Armie Hammer, who stars in the Oscar contender Call Me By Your Name, has decided to leave Twitter after BuzzFeed published a lengthy and negative story on the actor’s career over the past decade. The site’s senior culture writer, Anne Helen Petersen, dug up every magazine Q&A and photo shoot with Hammer from the last 10 years, looking for evidence that he is a “rich asshole” who’s been given one too many opportunities.
After reading the 6,000-word piece, Hammer tweeted, “Your chronology is spot on but your perspective is bitter AF. Maybe I’m just a guy who loves his job and refuses to do anything but what he loves to do…?” Then he just got rid of his account altogether, further proof that we really can’t have nice things.
While in her story, Petersen is hell-bent on proving Hammer is a bad person, there’s not a lot of evidence for that. Sure, there’s definitely plenty of evidence he’s wealthy (he’s the heir to his great-grandfather Dr. Armand Hammer’s Occidental Petroleum fortune), but as for the “asshole” part, not so much. While he played characters like the Winklevoss twins in The Social Network and some douche in Gossip Girl, that doesn’t make him an asshole in real life. In fact, the quotes from people who actually know Hammer depict him as the opposite. “He’s a humble, hardworking actor, a friend who’d jump in front of a bus for you,” Aaron Sorkin, who wrote the screenplay for The Social Network, told Details.
At one point, Petersen even alludes to the fact that Hammer is somehow using his own wife, Elizabeth Chambers, as a way of proving his “heterosexuality” and “masculinity,” since she is sometimes present for interviews. Meanwhile, Hammer is the only one not making a big deal of his sexuality, or anyone else’s for that matter. The actor has called out reporters for ignorant questions about kissing men onscreen. “It just felt like kissing,” he once said. “I also had to shoot a machine gun in the movie, but nobody asks about that.”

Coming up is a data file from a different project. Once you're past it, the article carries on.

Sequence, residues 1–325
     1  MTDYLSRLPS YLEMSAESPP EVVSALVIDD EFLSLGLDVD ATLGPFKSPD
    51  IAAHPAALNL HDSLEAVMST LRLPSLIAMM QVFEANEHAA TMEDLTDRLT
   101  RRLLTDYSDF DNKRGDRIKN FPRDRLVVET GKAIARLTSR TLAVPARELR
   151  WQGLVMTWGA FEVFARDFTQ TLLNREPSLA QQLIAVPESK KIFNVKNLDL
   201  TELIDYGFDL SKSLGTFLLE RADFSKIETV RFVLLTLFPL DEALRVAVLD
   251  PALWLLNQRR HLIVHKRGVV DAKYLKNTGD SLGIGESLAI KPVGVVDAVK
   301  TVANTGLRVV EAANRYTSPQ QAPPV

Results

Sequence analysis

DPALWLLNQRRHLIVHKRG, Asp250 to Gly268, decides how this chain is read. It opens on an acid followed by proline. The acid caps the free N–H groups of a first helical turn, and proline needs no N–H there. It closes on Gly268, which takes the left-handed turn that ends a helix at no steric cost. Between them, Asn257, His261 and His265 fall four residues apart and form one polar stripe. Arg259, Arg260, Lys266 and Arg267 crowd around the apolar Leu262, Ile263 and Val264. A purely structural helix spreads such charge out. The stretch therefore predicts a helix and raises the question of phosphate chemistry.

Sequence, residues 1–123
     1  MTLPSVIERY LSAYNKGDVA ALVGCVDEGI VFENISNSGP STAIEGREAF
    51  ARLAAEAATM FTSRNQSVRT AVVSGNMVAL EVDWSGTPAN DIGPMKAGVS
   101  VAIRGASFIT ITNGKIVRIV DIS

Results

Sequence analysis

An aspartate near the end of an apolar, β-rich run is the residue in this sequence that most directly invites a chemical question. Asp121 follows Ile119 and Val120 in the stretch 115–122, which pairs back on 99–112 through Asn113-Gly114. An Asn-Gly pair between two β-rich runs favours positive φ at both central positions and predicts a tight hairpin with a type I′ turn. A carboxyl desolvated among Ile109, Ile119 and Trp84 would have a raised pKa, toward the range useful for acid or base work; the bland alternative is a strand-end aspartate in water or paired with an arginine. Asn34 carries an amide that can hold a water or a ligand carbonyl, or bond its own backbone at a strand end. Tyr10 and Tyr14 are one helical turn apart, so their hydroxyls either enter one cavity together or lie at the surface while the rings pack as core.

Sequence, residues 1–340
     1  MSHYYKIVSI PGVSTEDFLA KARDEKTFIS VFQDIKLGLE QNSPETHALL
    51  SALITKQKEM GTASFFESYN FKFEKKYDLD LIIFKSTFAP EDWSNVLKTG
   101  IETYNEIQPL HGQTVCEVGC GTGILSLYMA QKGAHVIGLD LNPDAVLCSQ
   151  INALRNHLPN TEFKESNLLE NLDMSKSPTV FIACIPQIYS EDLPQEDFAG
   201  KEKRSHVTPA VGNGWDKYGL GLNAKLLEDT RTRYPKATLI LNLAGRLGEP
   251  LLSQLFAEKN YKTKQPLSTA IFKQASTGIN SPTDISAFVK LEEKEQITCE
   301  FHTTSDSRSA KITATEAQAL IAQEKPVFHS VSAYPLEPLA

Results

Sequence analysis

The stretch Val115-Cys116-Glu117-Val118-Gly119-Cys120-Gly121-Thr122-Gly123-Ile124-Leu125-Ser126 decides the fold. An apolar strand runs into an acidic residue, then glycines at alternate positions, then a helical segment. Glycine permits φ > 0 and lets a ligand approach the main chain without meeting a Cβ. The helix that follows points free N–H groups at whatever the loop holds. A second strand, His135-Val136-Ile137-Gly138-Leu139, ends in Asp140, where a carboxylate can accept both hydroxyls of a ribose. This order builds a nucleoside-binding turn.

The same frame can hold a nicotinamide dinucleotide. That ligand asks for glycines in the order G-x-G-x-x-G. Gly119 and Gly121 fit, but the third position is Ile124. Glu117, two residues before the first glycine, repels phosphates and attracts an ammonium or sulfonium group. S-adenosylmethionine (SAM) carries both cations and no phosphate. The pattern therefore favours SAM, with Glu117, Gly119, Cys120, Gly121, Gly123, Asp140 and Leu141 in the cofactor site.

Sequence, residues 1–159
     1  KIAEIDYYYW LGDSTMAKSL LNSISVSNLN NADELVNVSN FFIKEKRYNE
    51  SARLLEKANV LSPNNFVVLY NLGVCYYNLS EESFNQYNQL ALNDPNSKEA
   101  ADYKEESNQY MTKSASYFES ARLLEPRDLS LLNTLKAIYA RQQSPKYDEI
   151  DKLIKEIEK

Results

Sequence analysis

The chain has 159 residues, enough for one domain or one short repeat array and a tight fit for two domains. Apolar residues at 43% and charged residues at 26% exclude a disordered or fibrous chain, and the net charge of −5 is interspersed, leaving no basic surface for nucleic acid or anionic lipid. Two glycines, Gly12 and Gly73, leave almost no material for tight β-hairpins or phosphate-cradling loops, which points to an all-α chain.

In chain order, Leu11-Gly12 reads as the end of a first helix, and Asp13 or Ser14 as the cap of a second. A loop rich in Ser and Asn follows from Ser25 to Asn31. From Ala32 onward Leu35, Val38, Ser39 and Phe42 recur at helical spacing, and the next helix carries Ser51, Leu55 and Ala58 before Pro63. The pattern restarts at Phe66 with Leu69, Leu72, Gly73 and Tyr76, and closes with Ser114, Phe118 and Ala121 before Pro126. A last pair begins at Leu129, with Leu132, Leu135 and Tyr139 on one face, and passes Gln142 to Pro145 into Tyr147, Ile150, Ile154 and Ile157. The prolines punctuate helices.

Petersen obsesses over Hammer’s prince-like looks and tries to prove that his success is contingent on him being a “beautiful, pedigreed white man.” Only, her story doesn’t so much paint Hammer as an asshole as it paints her as petty.
In all of the interview clips Petersen pulls, Hammer actually sounds grounded compared to other “beautiful, pedigreed white” men, which make up about 80 percent of Hollywood. He’s not only held reporters accountable for irresponsible questions, but he called out the hypocrisy behind the Academy’s decision to banish The Birth of a Nation following the rape allegations against director, Nate Parker, while awarding an Oscar to Casey Affleck, who “has three cases of sexual assault against him,” Hammer said.
At the end of her piece, Petersen shoehorns all these scraps of “evidence” to mean that Hammer is bitter because he’s had to struggle “the way women and actors of color in particular” do. But no one said Hammer is bitter. And while she may be right that Hollywood is quick to forgive white men, like Affleck and Mel Gibson, it’s unfair and misguided to compare Hammer to men who’ve been accused of physical and sexual assault. Hammer was just in some bad movies.
Honestly, Hammer seems like a very chill guy who just wants to cruise Twitter for fun bondage pics and troll James Woods. Again, he was in some unsuccessful films, but just because he hasn’t quit doesn’t mean he’s a privileged asshole who doesn’t deserve his success. He’s probably one of the worst examples you could choose to illuminate “the processes that have, for decades, allowed Hollywood’s interior logic,” as Petersen puts it, “to endure.”
There are a lot of rich white men unworthy of a Hollywood comeback, and, as far as we are aware, Hammer isn’t one of them. Just because you don’t like some of his characters or films, that doesn’t put him anywhere near the same plane as someone like Gibson, who beat his pregnant girlfriend and is now allowed to star in children’s movies. Hammer’s not the man we should be making an example of.
He’s the one calling out conservative blowhards and making us all feel more comfortable about our fetishes. And he seems to be right about a lot of things, including this article being bitter AF.